The Longhorns' win over Oklahoma convinced voters - well, some of them. Alabama whipped Houston that same day, but Texas took over the top spot despite having fewer first-place votes. This indicates a number of pollsters had Alabama third or lower on their ballots. When Texas wound up in a tie with Rice, it was Northwestern's turn at the top of the polls. The Wildcats had had a very good season, too. In fact, in the previous two games, they had beaten both Ohio State and Notre Dame, an accomplishment that made Northwestern head coach Ara Parseghian a desirable commodity for several schools. A blowout loss at Camp Randall to Wisconsin, though, shuffled the polls again, and Alabama was back on top. But all of a sudden - for maybe the first time ever - a West Coast team was hot on the heels of the top of the AP poll. Perhaps it was still the basic boycott of sportswriters against segregated schools, but Alabama was only five first-place votes ahead of USC as they entered the home stretch. But four Joe Namath interceptions were too much for the Tide to overcome as they narrowly lost to Georgia Tech, 7-6. A failed two-point conversion plus - and this is often forgotten - multiple failed drives after the missed conversion left the Tide on the losing side of the ledger for the first time in 26 games. With that loss, USC ascended to number one - but with unbeaten Ole Miss hot on the trail. When Ole Miss narrowly escaped 3-6 MSU with a 13-6 win, they dropped to third and Big Ten champion (with one loss) Wisconsin rose to the number two spot. Although the 1963 Rose Bowl - won by USC - was not taken into account, the season ended with a 1-2 finish for the Rose Bowl foes, the first 1 vs 2 college football game since Army and Notre Dame tied in 1946.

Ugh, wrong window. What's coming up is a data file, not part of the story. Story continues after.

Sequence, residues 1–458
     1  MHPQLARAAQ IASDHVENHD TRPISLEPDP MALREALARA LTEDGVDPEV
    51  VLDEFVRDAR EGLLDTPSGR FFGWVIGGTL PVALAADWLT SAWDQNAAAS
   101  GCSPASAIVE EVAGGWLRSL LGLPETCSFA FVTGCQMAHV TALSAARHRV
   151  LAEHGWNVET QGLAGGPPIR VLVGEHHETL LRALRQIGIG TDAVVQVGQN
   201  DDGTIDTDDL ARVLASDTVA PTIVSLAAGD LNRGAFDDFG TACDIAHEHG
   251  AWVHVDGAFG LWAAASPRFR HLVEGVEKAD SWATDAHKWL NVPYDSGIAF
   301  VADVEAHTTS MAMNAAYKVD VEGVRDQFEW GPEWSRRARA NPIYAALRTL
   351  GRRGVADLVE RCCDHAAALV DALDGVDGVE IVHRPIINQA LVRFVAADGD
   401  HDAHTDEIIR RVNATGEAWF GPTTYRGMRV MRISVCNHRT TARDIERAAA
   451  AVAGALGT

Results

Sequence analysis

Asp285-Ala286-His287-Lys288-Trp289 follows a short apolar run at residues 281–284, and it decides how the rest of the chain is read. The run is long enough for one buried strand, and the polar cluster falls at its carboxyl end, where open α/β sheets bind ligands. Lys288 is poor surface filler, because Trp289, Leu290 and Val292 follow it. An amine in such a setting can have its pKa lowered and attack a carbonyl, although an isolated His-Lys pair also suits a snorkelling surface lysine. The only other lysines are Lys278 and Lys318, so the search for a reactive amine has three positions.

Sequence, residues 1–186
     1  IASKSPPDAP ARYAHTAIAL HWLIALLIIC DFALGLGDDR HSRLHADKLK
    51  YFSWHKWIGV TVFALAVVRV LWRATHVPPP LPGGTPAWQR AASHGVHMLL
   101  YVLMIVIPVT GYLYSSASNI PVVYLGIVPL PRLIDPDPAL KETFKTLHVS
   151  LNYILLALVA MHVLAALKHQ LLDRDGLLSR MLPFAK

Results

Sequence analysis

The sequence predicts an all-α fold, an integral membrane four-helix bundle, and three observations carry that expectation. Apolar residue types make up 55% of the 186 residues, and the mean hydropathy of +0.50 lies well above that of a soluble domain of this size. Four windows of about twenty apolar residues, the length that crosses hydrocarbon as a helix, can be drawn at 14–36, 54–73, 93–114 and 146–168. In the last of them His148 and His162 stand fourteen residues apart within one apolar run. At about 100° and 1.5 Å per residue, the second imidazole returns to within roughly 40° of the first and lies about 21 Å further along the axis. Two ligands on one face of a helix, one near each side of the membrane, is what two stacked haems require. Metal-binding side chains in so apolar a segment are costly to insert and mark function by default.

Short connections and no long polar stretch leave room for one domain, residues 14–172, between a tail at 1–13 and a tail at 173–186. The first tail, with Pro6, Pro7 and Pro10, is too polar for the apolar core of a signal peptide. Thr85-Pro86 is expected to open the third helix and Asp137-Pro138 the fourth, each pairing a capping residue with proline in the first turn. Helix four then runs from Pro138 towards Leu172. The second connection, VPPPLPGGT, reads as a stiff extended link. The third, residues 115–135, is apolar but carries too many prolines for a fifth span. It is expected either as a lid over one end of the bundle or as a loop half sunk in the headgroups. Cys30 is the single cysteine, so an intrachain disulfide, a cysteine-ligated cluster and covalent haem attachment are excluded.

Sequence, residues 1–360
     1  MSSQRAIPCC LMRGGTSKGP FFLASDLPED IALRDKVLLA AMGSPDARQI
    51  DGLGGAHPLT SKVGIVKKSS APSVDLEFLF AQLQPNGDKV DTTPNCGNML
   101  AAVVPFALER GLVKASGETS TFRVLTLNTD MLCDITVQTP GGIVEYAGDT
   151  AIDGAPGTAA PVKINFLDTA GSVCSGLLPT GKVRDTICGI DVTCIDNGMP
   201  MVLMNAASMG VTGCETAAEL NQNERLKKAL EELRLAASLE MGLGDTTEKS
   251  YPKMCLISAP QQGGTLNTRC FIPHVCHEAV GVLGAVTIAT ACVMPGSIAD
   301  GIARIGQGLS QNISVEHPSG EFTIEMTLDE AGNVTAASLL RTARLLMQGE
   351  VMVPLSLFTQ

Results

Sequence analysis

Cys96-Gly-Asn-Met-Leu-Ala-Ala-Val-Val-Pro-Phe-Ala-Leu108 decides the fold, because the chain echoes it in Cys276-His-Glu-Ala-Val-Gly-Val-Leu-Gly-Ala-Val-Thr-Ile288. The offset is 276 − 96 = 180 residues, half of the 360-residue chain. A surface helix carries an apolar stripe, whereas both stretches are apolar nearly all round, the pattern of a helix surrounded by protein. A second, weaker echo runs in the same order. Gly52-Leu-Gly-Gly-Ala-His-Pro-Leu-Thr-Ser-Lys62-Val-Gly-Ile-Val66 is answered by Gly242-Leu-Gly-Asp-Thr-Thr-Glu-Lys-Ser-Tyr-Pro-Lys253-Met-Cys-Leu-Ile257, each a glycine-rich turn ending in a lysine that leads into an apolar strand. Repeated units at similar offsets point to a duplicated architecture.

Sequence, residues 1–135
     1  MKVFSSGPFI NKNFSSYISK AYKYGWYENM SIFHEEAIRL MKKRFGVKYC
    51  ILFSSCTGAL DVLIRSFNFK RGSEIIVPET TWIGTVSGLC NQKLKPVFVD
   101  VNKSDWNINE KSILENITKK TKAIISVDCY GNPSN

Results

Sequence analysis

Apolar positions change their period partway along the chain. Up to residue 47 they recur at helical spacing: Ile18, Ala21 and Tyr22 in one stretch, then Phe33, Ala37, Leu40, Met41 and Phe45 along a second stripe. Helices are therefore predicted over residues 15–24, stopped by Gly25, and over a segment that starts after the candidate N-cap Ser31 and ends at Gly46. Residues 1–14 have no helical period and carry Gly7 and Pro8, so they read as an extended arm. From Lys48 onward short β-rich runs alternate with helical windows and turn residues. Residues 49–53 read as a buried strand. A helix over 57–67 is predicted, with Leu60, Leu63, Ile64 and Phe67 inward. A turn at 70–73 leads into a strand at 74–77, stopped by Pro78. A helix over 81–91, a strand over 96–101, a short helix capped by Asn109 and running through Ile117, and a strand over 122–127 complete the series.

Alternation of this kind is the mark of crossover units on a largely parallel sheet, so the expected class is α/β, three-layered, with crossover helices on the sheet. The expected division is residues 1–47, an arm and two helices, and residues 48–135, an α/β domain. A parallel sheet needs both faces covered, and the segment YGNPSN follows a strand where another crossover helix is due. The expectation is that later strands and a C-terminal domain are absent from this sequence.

Alabama actually fell from the top spot twice in the same season without losing. Ohio State did it once. Why people think a ranking is safe or "used to be" is a mystery to anyone who studies polls.

2) Was Ole Miss robbed and was it segregation?

The answers are "yes" and "probably but maybe not."

You have to remember that in September 1962, the Ole Miss campus broke out in riots when the first black student, James Meredith, was admitted to the school. This could not have helped the case for the Rebels. But a comparison of the respective schedules shows that in the absence of any head-to-head competition, the edge should have been with Ole Miss. One can complain that they didn't play Alabama, but Ole Miss WAS, in fact, the only team ranked that beat TWO of the teams in the top ten. But is there another reason - minus segregation - that might have made USC the champions? In fact, there is.

As a reminder, we continue to observe case after case of anti-Southern bias. Again, NOT EVERY SINGLE INSTANCE is necessarily the wrong conclusion. But USC had three things going for them in 1962:
a) they beat two Big Ten teams
b) they beat Notre Dame
c) UCLA, whom USC also beat, knocked off #1 Ohio State

In fact, in 1962 there was a paradigm shift. Prior to that year, the Big Ten had absolutely owned the AAWU/PCC/Pac8/10/12/Whatever. Only one previous time - in 1952 - did the conferences play multiple games against each other and the Pac 10 survive with a substantial winning record. But in 1962, the unthinkable happened - the two conferences played each other no less than 8 times - and the Big Ten did not win a single game, ending the year with 7 losses and 1 tie. SEVEN of these results were known when the final balloting took place, the USC-Wisky Rose Bowl the sole exception. And it was top to bottom in both conferences. Stanford, Washington, UCLA, USC, AND Wazzu ALL beat Big Ten teams, including Ohio St and Iowa, a contender in recent years.